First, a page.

walking trails. We live not close to nature, but in nature. What is great is that so many of us are out there daily on the walking trails enjoying it.
But we are also busy folks. We go to our jobs, get the kids to school and back, volunteer, coach and generally spend time being involved in our communities.
That is why it can be a great option to turn our walks in nature into mindfulness walks.
When we go for a walk, we are already getting exercise, fresh air and Vitamin D from the sun. Perhaps we are also getting our dog out for its daily run. By choosing to practise mindfulness on our walks, we can add rewiring our brains to the list of things we’re accomplishing when we go for a walk.
Our minds are crazy places. They jump from here to there, thinking about everything from our childhood to our senior years, no matter what our present age, sometimes all in the course of a minute. Our minds get stuck on things we wish we wouldn’t obsess over and refuse to take seriously the things in our lives that need our attention.
This is kind of the yucky news, that we have these minds that can make us feel overwhelmed and out of control. The good news is that we can take back control of our minds simply by practising mindfulness.
Jon Kabbat-Zin, the creator of Mindfulness Based Stress Reduction, explains that, “The best way to capture moments is to pay attention. This is how we cultivate mindfulness. Mindfulness means being awake. It means knowing what you are doing.”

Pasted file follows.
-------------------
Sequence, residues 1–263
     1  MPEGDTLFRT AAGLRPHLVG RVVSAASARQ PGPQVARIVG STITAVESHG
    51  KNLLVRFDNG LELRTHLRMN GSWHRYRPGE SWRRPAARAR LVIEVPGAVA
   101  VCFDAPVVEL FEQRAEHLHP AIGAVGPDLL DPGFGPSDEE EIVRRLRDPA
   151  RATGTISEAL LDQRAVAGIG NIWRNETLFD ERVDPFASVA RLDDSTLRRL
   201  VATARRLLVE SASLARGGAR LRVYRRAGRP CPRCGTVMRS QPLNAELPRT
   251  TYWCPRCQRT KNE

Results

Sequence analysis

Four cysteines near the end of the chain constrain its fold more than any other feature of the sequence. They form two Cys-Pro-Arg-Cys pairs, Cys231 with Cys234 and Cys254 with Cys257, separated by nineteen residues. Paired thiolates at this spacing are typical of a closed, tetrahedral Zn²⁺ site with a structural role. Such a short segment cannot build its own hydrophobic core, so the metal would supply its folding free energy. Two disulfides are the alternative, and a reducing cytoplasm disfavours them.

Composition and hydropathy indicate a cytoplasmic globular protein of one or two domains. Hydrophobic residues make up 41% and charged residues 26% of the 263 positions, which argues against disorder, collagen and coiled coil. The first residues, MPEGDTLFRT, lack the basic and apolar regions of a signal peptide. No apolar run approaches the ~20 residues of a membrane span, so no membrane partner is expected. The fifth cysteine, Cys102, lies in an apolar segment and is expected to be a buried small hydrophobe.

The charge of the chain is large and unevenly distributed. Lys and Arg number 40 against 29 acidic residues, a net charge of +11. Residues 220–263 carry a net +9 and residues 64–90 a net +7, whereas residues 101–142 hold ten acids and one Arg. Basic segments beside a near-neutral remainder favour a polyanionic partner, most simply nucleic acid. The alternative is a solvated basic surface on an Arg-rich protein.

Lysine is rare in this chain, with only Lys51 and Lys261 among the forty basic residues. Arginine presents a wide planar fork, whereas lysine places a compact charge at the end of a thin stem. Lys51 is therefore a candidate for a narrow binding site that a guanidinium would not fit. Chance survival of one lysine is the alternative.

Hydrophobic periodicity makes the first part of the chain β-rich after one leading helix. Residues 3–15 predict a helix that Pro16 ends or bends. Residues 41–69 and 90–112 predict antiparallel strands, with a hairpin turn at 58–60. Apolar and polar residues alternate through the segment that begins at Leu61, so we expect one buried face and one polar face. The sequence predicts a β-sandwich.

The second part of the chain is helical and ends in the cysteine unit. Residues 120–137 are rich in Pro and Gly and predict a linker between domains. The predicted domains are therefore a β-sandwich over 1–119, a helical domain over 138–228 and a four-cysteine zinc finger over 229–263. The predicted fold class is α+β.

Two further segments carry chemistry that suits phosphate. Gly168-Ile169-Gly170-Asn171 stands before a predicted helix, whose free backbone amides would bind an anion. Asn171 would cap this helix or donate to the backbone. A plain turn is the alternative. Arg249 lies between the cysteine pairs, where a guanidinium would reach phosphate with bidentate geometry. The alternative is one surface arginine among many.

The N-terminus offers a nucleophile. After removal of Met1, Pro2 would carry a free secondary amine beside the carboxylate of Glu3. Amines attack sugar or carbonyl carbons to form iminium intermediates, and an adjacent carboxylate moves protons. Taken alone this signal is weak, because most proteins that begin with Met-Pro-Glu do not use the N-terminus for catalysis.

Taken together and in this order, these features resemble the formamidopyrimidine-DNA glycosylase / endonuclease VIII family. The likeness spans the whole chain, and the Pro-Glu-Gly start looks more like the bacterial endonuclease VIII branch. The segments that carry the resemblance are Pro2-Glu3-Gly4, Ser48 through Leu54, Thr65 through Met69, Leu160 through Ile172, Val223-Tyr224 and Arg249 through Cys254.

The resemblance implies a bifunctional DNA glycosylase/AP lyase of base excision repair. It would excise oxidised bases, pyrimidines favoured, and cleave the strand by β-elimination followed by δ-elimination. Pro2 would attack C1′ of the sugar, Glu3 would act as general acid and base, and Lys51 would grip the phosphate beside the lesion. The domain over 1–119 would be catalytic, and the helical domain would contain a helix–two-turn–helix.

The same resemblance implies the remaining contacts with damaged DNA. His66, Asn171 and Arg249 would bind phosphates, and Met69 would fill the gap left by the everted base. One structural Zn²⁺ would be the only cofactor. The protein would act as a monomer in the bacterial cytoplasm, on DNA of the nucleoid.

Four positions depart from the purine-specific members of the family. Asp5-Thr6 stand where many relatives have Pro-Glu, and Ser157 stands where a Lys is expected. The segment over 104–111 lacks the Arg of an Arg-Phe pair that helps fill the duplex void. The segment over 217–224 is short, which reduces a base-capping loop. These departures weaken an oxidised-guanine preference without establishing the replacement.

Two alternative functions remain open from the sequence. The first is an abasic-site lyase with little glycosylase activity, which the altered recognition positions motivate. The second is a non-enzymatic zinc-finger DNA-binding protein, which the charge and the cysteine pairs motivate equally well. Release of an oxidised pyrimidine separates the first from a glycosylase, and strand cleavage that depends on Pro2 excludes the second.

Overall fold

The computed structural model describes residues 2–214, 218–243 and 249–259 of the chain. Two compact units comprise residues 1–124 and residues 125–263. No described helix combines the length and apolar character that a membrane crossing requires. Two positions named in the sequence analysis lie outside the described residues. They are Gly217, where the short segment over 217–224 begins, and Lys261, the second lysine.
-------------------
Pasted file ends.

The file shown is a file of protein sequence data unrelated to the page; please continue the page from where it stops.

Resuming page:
We can practise mindfulness as part of our walking routine.
What we do is choose a point of awareness we are going to work with before we leave for the walk. This point of awareness is what we are going to bring our attention back to every time we get caught up in our thoughts. It could be our breath, our feet against the ground, our sense of sight, or our sense of hearing. One of these would be best.
Every time we notice we are thinking about something, we just shift attention away from our thoughts back to whichever point of awareness we chose to work with.
We will have to do this often, maybe every 30 seconds, or even more frequently.
But what we are doing here is breaking the habit of always giving our attention to our thoughts.
This is a good thing, because there is so much beauty to notice – the colours on the trees, the inhalations and exhalations of the breath that tell us we are alive, the sound of the birds and our own hearts beating.
When we stop always being caught up in our thoughts, there is a whole world to experience. And it becomes easier with practice. I hope your next walk will be a mindfulness one.